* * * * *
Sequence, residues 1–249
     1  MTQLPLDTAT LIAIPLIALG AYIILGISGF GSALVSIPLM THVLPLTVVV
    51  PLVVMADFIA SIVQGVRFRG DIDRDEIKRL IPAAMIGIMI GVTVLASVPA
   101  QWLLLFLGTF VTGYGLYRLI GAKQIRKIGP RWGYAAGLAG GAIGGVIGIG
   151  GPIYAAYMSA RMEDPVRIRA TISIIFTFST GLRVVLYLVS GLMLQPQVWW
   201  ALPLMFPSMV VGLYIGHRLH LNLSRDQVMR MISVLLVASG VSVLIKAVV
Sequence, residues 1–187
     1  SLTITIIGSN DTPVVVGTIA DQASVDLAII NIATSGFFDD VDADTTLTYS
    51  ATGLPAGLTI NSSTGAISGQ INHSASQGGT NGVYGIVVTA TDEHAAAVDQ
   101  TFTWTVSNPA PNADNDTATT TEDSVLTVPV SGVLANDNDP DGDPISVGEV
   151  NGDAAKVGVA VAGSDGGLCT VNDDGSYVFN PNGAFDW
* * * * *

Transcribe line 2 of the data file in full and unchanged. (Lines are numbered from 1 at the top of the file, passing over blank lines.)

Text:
     1  MTQLPLDTAT LIAIPLIALG AYIILGISGF GSALVSIPLM THVLPLTVVV